Art has always been a central part of Royal & Langnickel ambassador Courtney Pilgrim’s life. That passion has been expressed in different ways throughout her life, from teaching art to working as a content marketer to creating products based on her own artwork. We recently asked Courtney about how she continues to stay inspired and about her life as a working artist. See more of her work on her website, www.myfriendcourt.com
I honestly can’t recall one defining moment, but I came from a big family and being creative was not only my entertainment but my way of standing out in my family. My parents were always very supportive of my endeavors and kept me supplied with things to create with. They would proudly hang up my creations and show them off.
Paints, for sure. I work the most in acrylics but also really love inks, watercolors, and gouache. I love to make a mess when I work--I like working fast and paints seem to be the most “forgiving” to me.
Color is always my biggest inspiration, but I would also say I am very influenced by texture and traveling.
Unless I am on a tight deadline, I just go with it honestly and do my best to not make myself feel bad or get frustrated.
I taught art for five years while pursuing my own thing on the side, and it can be so physically and mentally draining trying to be a creative person 24/7. I am “trained” to do it and can work past being uninspired (just like any other job--you just get it done), but that doesn’t always mean that I will end up with something that I love or am proud of. It just means I got the job done.
Creative energies come in waves, so I do my best to embrace those moments, be it late at night or in the middle of the day. If I have an idea, I try to act on it as soon as possible. I will write/sketch out my initial idea in a sketchbook but try to bring it to life ASAP. The longer I sit on an idea, the less likely it will ever see the light of day.
After trying to sell art for awhile, I realized it would be hard for me to make a living off selling paintings and prints. I found my market and had started to book more commissions, but wanted to find another way to bring in more income. Something that would be easy and not too time consuming. I started to think that maybe more “everyday people” who admire art, but may not be willing to invest in an original (pricey) piece, would be willing to invest in a smaller everyday item that they could use again and again.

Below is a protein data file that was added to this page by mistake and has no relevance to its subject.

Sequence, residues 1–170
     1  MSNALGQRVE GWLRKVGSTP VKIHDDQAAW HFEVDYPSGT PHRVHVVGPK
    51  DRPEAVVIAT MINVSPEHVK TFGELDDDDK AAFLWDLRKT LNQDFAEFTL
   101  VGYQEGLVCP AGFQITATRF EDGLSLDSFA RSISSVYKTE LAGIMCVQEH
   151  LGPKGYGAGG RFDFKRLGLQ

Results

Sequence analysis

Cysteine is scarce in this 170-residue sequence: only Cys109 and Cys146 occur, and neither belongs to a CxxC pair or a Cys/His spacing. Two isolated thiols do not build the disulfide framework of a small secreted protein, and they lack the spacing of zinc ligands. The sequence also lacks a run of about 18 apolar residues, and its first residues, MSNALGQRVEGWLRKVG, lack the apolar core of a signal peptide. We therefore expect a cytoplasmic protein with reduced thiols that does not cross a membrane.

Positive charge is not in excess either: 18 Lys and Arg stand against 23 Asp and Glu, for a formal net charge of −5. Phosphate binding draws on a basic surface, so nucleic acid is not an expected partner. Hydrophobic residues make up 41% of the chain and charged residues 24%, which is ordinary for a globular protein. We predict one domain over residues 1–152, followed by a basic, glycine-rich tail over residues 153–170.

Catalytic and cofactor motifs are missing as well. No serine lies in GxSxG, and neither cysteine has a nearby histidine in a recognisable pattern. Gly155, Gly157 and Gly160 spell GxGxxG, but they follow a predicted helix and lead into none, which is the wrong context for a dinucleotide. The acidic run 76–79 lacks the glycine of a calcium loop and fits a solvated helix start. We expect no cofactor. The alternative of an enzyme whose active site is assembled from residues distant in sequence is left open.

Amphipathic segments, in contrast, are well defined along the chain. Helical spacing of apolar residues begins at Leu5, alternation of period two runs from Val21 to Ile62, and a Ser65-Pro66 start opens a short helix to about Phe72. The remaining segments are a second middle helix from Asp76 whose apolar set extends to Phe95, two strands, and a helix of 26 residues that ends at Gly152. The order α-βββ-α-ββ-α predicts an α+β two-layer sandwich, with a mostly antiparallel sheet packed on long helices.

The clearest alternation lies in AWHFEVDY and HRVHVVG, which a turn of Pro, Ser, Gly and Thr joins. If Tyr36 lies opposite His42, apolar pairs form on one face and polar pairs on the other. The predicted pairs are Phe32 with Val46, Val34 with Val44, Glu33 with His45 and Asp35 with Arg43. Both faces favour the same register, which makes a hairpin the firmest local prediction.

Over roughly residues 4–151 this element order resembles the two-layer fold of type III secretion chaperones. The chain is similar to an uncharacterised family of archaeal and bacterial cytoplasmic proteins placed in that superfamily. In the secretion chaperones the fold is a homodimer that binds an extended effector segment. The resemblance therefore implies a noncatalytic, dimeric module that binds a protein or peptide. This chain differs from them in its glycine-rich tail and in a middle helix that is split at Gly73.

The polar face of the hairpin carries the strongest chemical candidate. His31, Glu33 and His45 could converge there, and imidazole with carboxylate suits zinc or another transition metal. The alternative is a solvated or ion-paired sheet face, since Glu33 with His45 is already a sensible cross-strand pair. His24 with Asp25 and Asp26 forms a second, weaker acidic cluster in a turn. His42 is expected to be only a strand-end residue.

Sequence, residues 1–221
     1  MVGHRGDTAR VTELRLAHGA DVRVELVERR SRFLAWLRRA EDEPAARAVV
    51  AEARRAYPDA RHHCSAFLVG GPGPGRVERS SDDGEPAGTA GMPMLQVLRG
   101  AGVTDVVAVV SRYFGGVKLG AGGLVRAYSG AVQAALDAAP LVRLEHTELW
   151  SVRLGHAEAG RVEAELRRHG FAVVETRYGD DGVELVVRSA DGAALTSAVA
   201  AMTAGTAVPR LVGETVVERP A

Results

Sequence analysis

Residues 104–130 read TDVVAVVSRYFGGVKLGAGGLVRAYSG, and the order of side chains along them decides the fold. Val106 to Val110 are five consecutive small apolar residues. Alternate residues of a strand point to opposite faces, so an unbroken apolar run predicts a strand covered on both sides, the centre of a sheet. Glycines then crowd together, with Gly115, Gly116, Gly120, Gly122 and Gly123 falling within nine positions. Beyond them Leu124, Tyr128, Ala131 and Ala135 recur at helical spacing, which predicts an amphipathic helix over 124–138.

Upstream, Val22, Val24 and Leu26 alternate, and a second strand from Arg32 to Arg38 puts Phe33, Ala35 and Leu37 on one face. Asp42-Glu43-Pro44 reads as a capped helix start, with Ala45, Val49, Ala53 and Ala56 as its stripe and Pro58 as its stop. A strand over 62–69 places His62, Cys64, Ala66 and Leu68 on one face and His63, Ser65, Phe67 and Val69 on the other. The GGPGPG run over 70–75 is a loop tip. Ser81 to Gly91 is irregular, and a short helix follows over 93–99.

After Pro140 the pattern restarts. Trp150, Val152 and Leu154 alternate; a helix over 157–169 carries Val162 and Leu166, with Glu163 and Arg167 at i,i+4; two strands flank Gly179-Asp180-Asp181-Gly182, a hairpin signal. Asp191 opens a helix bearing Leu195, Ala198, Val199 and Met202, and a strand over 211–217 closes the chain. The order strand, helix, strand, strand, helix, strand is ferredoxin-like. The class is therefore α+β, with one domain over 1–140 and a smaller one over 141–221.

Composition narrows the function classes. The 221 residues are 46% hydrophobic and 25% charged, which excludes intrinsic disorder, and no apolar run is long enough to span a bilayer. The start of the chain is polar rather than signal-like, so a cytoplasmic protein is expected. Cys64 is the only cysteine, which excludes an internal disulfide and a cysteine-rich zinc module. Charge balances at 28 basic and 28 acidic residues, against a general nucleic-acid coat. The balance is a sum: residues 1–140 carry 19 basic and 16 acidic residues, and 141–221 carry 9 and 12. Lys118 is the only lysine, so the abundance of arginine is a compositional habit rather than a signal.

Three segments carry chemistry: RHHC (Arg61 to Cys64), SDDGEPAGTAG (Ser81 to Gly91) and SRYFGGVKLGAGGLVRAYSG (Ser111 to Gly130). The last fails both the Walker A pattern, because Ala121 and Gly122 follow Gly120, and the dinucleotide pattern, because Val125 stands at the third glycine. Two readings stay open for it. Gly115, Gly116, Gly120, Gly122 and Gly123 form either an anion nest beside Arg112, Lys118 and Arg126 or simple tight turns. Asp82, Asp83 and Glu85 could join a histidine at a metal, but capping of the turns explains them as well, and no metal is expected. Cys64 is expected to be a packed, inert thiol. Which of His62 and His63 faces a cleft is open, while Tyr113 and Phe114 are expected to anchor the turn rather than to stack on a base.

When designing a product, I just go with my gut. If I have an idea for a product, I start doing my research to figure out all the nitty gritty business details and then I go back to my audience and just ask. I will post a mock up on my blog or Instagram and see what the response is.
Making products was a risky move for me, as it was a big investment upfront, but it has totally proven worth it to me. Not everything is always a hit, but is always made up in other areas. I really just listen to my customers and take their feedback to heart.
Since I left teaching a year ago, my schedule has been all over the place. I hope to have more of a regular routine in 2017, but I kind of thrive in chaos, too. I have a part time gig as a content marketing manager (for an art journal company), where I have to go into the office three days a week. Luckily, that job is still very creative for me and my boss is completely supportive of what I do and will allow me to switch up my schedule as long as the work is getting done.
I am not a morning person, and I am most creative at night, so when working on my own stuff I usually ease into the day and then start getting into work around noon. It’s not uncommon for me to still be up painting at midnight.
It really depends on the day/project/mood as to what my day will look like, but like I said, I’m craving a little more structure in the new year. I think us creative types really need it, as much as we don’t like it.
See more of Courtney's work on Instagram @myfriendcourt and on her website, myfriendcourt.com.